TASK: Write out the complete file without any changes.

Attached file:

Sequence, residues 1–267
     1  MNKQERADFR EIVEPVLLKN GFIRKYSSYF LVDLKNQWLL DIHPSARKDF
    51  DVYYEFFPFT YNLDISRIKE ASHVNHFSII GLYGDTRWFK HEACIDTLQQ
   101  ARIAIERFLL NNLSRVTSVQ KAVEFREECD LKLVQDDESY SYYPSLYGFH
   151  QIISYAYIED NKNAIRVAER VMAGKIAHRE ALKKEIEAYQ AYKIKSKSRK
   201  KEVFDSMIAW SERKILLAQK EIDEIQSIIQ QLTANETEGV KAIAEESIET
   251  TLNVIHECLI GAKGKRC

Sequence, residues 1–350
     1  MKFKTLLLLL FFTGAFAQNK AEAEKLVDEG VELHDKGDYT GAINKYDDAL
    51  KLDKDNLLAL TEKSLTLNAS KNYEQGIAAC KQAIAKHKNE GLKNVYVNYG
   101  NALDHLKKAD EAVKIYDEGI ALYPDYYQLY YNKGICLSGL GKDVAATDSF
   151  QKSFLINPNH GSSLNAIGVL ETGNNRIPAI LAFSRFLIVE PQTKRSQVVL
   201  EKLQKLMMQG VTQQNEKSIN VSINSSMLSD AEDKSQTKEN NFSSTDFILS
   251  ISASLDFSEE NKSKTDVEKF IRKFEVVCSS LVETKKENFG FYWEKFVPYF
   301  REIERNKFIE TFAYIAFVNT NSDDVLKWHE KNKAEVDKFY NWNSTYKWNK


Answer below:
Sequence, residues 1–267
     1  MNKQERADFR EIVEPVLLKN GFIRKYSSYF LVDLKNQWLL DIHPSARKDF
    51  DVYYEFFPFT YNLDISRIKE ASHVNHFSII GLYGDTRWFK HEACIDTLQQ
   101  ARIAIERFLL NNLSRVTSVQ KAVEFREECD LKLVQDDESY SYYPSLYGFH
   151  QIISYAYIED NKNAIRVAER VMAGKIAHRE ALKKEIEAYQ AYKIKSKSRK
   201  KEVFDSMIAW SERKILLAQK EIDEIQSIIQ QLTANETEGV KAIAEESIET
   251  TLNVIHECLI GAKGKRC

Sequence, residues 1–350
     1  MKFKTLLLLL FFTGAFAQNK AEAEKLVDEG VELHDKGDYT GAINKYDDAL
    51  KLDKDNLLAL TEKSLTLNAS KNYEQGIAAC KQAIAKHKNE GLKNVYVNYG
   101  NALDHLKKAD EAVKIYDEGI ALYPDYYQLY YNKGICLSGL GKDVAATDSF
   151  QKSFLINPNH GSSLNAIGVL ETGNNRIPAI LAFSRFLIVE PQTKRSQVVL
   201  EKLQKLMMQG VTQQNEKSIN VSINSSMLSD AEDKSQTKEN NFSSTDFILS
   251  ISASLDFSEE NKSKTDVEKF IRKFEVVCSS LVETKKENFG FYWEKFVPYF
   301  REIERNKFIE TFAYIAFVNT NSDDVLKWHE KNKAEVDKFY NWNSTYKWNK